The Mandalorian Season 4’s Rumored Release Plan Is a Mistake for Star Wars

The Mandalorian season 4 could still release ahead of The Mandalorian & Grogu, but that would be a mistake.

Pedro Pascal as Din Djarin in Star Wars: The Mandalorian Season 3
Photo: Lucasfilm

It’s safe to say no one knows what the heck is going on with The Mandalorian season 4 now that Lucasfilm has announced a feature-length movie starring the beloved duo and directed by showrunner Jon Favreau. Has the fourth season of the show been replaced by the film? Not according to Deadline, which reports The Mandalorian season 4 is still in development in addition to the movie. With the film being fast-tracked into production this year, does this mean season 4 has been delayed until further notice? Or will it be filmed at some point this year as well?

Well, according to reports from reliable Star Wars scoopers Bespin Bulletin and Making Star Wars, The Mandalorian season 4 is indeed still a go, but the rumor is that Disney’s plan is for a fourth season to release ahead of the movie. But instead of the normal eight-episode season, season 4 would be only six episodes, with The Mandalorian & Grogu essentially acting as the season 4 finale.

Now, we should note that these rumors don’t completely gel with THR‘s own report over the weekend that, while all the season 4 scripts have indeed been written, there’s no certainty Lucasfilm will move forward with a new season of the show at all. According to the outlet, the movie is taking precedence, and if it’s a success, movie sequels could be green Iit instead of more seasons.

But if the rumors are true and a season 4 precursor to a movie is the new release strategy for The Mandalorian, a show that’s thrived on Disney+ and is the most-watched streaming original on the market, it’s frankly a bit bizarre, and evidence that the Mouse House still hasn’t learned from its recent failures with the MCU. The Mandalorian may be incredibly popular, but it’s become increasingly apparent that audiences have grown tired of the “homework” that now comes with shared universe storytelling. One only has to look back at November’s The Marvels, which starred characters who were first introduced on streaming series, to see that general audiences outside of the more hardcore Marvel fandom are turned off by the thought of having to watch a bunch of TV shows first to understand what’s going on in a movie that costs $20-ish a ticket.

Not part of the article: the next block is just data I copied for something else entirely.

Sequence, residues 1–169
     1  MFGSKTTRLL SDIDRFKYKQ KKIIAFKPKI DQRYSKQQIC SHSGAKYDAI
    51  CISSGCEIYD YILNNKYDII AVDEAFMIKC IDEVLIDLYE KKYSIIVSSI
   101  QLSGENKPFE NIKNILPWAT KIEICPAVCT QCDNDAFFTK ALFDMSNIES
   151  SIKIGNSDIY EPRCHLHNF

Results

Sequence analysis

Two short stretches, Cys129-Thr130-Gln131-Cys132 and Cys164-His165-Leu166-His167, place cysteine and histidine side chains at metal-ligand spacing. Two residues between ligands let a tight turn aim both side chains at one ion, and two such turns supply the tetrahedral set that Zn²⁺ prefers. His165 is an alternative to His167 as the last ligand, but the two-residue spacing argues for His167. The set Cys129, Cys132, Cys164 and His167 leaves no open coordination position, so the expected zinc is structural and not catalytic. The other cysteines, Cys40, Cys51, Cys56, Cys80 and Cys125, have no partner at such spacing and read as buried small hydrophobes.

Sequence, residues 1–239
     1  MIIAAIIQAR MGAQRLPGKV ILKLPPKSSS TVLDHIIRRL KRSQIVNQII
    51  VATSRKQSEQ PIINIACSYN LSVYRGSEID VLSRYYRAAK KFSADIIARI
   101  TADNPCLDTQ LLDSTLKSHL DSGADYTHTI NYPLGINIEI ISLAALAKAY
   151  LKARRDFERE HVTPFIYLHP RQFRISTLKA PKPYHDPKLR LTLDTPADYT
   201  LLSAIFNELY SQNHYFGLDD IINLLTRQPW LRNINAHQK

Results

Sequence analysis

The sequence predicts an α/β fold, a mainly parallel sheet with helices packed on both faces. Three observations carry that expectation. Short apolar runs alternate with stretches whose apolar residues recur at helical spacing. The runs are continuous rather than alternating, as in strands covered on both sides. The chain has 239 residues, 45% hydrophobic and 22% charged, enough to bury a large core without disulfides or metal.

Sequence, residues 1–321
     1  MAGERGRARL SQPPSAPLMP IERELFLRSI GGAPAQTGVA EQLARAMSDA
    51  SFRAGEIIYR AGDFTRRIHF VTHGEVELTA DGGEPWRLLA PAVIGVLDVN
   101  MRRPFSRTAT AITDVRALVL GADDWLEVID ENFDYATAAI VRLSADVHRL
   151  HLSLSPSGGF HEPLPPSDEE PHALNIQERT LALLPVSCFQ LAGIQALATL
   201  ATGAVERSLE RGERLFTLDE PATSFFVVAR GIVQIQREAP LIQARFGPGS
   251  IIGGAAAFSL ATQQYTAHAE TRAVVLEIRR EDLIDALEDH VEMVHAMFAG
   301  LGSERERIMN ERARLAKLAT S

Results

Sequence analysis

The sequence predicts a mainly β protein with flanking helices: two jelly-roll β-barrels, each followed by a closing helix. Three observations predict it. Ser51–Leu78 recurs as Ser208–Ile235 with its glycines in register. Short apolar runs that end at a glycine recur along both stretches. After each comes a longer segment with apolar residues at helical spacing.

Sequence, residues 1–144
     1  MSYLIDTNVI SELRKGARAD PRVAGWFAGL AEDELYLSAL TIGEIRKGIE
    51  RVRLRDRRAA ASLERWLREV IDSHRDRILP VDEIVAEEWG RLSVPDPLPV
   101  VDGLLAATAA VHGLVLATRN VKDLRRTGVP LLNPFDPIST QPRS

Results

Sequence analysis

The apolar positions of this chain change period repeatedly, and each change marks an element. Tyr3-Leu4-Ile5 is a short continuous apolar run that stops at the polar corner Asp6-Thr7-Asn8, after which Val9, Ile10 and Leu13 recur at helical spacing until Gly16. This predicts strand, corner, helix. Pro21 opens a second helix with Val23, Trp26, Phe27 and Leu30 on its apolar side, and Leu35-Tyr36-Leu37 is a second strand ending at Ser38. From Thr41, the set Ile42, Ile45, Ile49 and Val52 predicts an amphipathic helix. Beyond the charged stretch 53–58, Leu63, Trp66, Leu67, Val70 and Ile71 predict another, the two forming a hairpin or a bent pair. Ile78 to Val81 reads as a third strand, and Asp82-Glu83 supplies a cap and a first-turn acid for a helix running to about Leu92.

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Even if you don’t actually need to know very much about what happened in Ms. Marvel in order to follow Kamala Khan’s story in The Marvels, the problem is the perception that you do. By breaking up The Mandalorian into pieces across the big and small screens, Lucasfilm risks making the same mistake with its biggest Star Wars property since the Sequels. General audiences simply don’t want to experience stories this way. It was perhaps an easier ask when folks only needed to worry about catching up on the movies themselves, but it’s clear they don’t want to feel forced to first invest hours watching TV episodes before being able to go to cinemas.

The shared universe approach didn’t even really work for Star Wars when The Mandalorian crossed over with its own spinoff, the mediocre The Book of Boba Fett. One scroll through Google Trends at the time of The Mandalorian season 3 revealed there were lots of people who had no idea that Din and Grogu had reunited on a completely different show and were searching Google for answers. Viewers who were only really interested in tuning into the main show that they already loved rightfully expected that the famous Mando season 2 cliffhanger would be resolved in the third season of the same show. Instead, they had to read explainers like this one (in fact, this was one of our top-performing Star Wars articles of 2023) in order to catch up because Lucasfilm didn’t even include a recap of what happened in Boba Fett.

In other words, when Disney doubles down on this sort of cross media shared storytelling, it risks alienating its audience further. Recent history suggests that fans who only follow the movies won’t be too sweet on the idea of having to first watch four seasons of The Mandalorian (and a few episodes of Boba Fett) before sitting down to watch The Mandalorian & Grogu, which is likely to be the first Star Wars movie in almost a decade by the time it releases. And viewers who are used to just waiting for new The Mandalorian episodes to drop on Disney+ may just wait for the movie to hit streaming anyway, rather than hand over the extra cash to watch it in theaters.

It just doesn’t make very much sense to divide The Mandalorian up like this, and it makes the concept of a Star Wars movie feel a lot smaller, too. While past Star Wars films were treated like groundbreaking events at the cinemas, the first new movie in years would be relegated to just being a longer episode of television. If The Book of Boba Fett and The Marvels fiascos prove anything, it’s that studios shouldn’t be working this hard to make it more difficult for audiences to enjoy things they already love. Or make them feel less important. Please let these latest rumors be just that and nothing more. This is the way.

No release dates have been set for either The Mandalorian season 4 or The Mandalorian & Grogu at this time. Check out the confirmed schedule of upcoming Star Wars movies and TV series here.